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Old 05-06-2004, 11:18 PM   #1
Registered: Oct 2002
Distribution: Debian 6.0.2 (squeeze)
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Question Pentium M, Centrino, and IBM vs. HP


Rather than bury more questions at the bottom of a previous post, I thought I'd start a new one with some more questions that have come up in my search for a laptop that I can use with Linux.

1. I've heard that Pentium M processors take much less battery power to run, are much cooler than Pentium 4's and AMD's in laptops, and generally improve performance. How much truth is there in all these statements? Is there really a big difference between the M's and 4's, and should I make this a big factor in choosing a laptop.

2. I will be taking my laptop to a college campus with a wireless network, so I need some sort of b/g system. I assume from what I've read before that the Centrino and Intel Mobile systems that come built in to many notebooks today aren't that compatible with Linux. Am I better off ordering a non-wireless system and then buying a compatible card, or is it not that difficult to get those Centrino/Intel Mobile versions working?

3. Finally, I've looked around at the different brands and so far I like a few IBM and HP systems the best. I've gone to those web pages and gone through the "customize laptop" process, and I've noticed that the IBM computers seem to cost anywhere from $500 to $1000 more than the HP versions that contain almost the same components. What is there about the IBM laptops that I'm not seeing... or why are they so much more expensive for the same processor, ram, optical drive, etc.?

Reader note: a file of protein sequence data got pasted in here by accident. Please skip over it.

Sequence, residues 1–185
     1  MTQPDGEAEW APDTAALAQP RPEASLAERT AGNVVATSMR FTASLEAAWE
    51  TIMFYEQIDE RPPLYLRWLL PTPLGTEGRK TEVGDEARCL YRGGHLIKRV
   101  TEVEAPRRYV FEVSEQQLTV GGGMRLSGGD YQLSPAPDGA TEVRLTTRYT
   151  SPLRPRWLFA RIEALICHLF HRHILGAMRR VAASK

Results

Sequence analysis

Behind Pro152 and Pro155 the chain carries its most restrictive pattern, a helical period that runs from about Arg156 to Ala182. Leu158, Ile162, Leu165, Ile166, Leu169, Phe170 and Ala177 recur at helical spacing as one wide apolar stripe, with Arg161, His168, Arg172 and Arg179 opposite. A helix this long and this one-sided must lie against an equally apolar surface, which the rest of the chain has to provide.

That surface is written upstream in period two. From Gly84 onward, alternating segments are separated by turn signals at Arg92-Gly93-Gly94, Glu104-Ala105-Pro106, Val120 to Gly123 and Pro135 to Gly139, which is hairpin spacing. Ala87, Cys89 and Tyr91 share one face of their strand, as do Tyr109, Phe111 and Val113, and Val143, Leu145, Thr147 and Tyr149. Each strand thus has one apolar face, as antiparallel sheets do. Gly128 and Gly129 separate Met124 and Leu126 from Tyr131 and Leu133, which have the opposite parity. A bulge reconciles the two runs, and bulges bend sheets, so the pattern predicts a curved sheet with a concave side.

Old 05-07-2004, 03:08 AM   #2
Registered: Feb 2002
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i am at the moment looking for the same thing. i have been reading review after review after review, for days now. Most of what i have read has supported the claim that the centrino, mobile pentiums do run cooler, and save on the battery. Id say that it's probably true. although you may lose a little processing speed, you get more battery life.

i have a laptop that i can't even take to school. why? cuz the damn thing is over 9 pounds. try lugging that around all day along with a full day of lectures and associated books, all over the campus. no fun at all. so what should you care about?

battery life and weight.
a laptop can be a tool to help you succeed and be more productive. it wont be much of a tool if you find that its a hassle to bring it.

i have read other places and seen people get the integrated wireless working to some extent. me personally? i'd buy a compatable card if i had any trouble. a quick trip to the store and i'd be good. if i read correctly, the IBM worked great with linux, other than that integrated wifi.
i am looking right now at the IBM T41. 4.5 pounds base weight, minus the extended battery i want for it. not too bad at all. the HP systems i looked at were at least 2 pounds heavier, but i did find one that was only 1 pound heavier. it adds up when your lugging it around school, or sitting on the bench using the LAP in laptop. you will care about how hot it runs then! my alienware is a straight up p4 in the 2.8GHz area and it'll burn the hair off my legs lol.

IBM's do cost a bit more, but try going with one of the preconfigured systems. you cut down the cost a whole lot by customizing one of their featured models like here . i looked under Value, and clicked on Customize and Buy.